The Gauteng provincial government is taking steps to decentralise the management of essential services so that hospitals have more control over their daily running.
In addition, provincial departments will take a 3% “haircut” in order to raise R700-million to pay off part of the province’s debt.
This is according to Gauteng’s finance minister, Mandla Nkomfe, who addressed the media at a press conference held in Johannesburg on Monday, to refute reports that it had wasted public money to the tune of R6.6-billion.
On Sunday, City Press newspaper stated that Gauteng “squandered 10.9% (R6.6-billion) of its budget on unauthorised, irregular and wasteful expenditure” and pointed out that auditor general Terence Nombembe had “blamed leadership that did not take full ownership and accountability for the preparation of financial statements”.
Nkomfe said: “The manner in which the City Press reported the findings of the auditor general is lacking contextual information and meaning to the public,” and added that it was important to distinguish between unauthorised expenditure, wasteful expenditure and irregular expenditure.
Unauthorised expenditure refers to overspending for a particular purpose, while wasteful expenditure refers to expenditure that could have been avoided, and irregular expenditure refers to expenditure incurred in contravention of legislation.
“All our resources are directed towards service delivery within the prescripts of the [Public Finance Management] Act,” he said.
Nkomfe said disciplinary measures have been taken against officials responsible for irregular expenditure and that the province has appealed to national government for assistance in improving its supply chain management and inventory management, which have been the biggest contributors to both irregular and unauthorised expenditure.
Jack Bloom, Gauteng caucus leader for the Democratic Alliance, said that, to be fair, unauthorised and irregular expenditure could not be counted as wasteful expenditure as they resulted in the purchase of needed goods.
But, he argued, such expenditure was still “wrongful expenditure in terms of accounting standards”. “Whatever criteria you use, it reflects badly on Gauteng,” he said. “Its wrongful expenditure was higher than any other province.”
The auditor general’s report, released last week, found that the Gauteng department of health and social development had incurred R2.2-billion in irregular expenditure for 2010/2011. Earlier this month the South African Medical Device Industry Association said medical suppliers were owed R403.8-million by the Gauteng health department.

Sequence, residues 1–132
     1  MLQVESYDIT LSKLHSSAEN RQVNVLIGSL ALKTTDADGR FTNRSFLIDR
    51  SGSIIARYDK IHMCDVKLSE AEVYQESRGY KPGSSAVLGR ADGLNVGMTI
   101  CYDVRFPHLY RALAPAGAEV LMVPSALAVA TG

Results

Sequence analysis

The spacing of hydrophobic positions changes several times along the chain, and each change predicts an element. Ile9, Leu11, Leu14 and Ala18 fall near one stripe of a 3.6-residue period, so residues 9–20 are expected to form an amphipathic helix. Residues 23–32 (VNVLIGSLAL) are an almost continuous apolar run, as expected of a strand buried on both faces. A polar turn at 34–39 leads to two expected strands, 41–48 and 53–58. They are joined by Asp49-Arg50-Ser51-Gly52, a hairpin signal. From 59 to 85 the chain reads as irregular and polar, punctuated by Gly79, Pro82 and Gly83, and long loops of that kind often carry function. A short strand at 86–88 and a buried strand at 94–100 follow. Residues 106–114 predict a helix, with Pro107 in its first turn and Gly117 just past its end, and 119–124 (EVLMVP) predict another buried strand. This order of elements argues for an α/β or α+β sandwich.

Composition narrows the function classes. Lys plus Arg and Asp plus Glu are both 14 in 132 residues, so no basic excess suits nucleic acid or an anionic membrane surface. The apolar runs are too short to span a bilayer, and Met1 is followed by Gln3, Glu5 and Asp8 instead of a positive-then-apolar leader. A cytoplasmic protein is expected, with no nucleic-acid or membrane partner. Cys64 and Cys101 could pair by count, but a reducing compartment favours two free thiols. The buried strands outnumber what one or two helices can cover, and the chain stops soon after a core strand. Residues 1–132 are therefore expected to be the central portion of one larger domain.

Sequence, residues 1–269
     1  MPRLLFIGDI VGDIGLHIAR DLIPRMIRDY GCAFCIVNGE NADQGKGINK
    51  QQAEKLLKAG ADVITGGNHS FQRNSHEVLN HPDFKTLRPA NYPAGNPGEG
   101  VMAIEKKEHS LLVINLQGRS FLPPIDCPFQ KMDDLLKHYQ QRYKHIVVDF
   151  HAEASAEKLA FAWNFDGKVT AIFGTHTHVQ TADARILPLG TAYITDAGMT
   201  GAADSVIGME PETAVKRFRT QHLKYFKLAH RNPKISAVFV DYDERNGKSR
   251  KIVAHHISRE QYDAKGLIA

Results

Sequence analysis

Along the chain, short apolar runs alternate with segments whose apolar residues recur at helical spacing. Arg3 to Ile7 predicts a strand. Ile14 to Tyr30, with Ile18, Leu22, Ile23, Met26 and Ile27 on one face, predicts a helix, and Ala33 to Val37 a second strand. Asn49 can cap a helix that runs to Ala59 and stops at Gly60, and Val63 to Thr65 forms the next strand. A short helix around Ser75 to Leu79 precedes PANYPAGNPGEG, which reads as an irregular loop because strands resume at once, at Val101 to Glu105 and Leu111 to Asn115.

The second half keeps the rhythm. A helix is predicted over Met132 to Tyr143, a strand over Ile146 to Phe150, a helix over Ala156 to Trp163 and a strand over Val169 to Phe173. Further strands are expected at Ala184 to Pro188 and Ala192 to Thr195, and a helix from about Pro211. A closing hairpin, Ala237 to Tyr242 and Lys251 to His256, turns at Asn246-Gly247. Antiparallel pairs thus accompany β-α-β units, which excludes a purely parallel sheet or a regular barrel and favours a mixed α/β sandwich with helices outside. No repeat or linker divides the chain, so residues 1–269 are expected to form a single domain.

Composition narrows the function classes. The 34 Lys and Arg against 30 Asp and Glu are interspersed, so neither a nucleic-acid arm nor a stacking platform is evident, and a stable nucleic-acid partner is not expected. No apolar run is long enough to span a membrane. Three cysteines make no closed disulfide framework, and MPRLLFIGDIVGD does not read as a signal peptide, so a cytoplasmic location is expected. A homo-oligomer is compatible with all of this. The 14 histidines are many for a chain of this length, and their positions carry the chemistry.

Nkomfe said that by the end of December, the provincial government had paid R685-million towards the debt accrued by the health department but that it was still dealing with invoices dating back to 2002.
Meanwhile, Gauteng premier Nomvula Mokonyane said devolving the Gauteng Shared Services Centre [GSSC] would ensure that accounting officers and CEOs could be held accountable for service delivery.
Established in 2001, the GSSC provides back-office support — in the form of auditing, human resources, procurement, financial services and tech support — for the province’s departments. But the service has been plagued with inefficiencies and over the years it has been widely blamed for poor service delivery, particularly in the province’s schools and hospitals.
“We have already devolved some of the functions to the department of health and our focus now has been to prioritise the four central hospitals — Chris Hani Baragwanath, George Mukhari, Steve Biko Academic and Charlotte Maxeke — with an intention of devolving to all other hospitals and to district services,” she said.
Issues related to infrastructure and maintenance had been devolved to the four hospitals, which have appointed CEOs, CFOs and human resources officers to recruit support staff. Mokonyane said the next step would be to appoint people who will deal with supply chain management and procurement.
The system will be rolled out to all other hospitals in the province in the new financial year.
Mokonyane said the GSSC will continue to deal with cross-cutting functions such as IT, auditing and investigations but that the “real things that make departments function will go back to the respective departments”.
Daygan Eagar, a researcher at health NGO Section27, welcomed the move, saying the GSSC has been a very problematic supply chain management system. “It’s been highly ineffectual and wasteful and has resulted in the loss of millions of rands due to mismanagement,” he said.
With the right support, devolving the GSSC could be a positive move. “For larger facilities it can be a good thing, if they can ensure that they have the right people in supply chain management,” he said.
At the same time it could be problematic for smaller hospitals, which did not have the human resources to deal with the added layer of bureaucracy. In such cases, Eagar said, the province should second people to those facilities that need the help.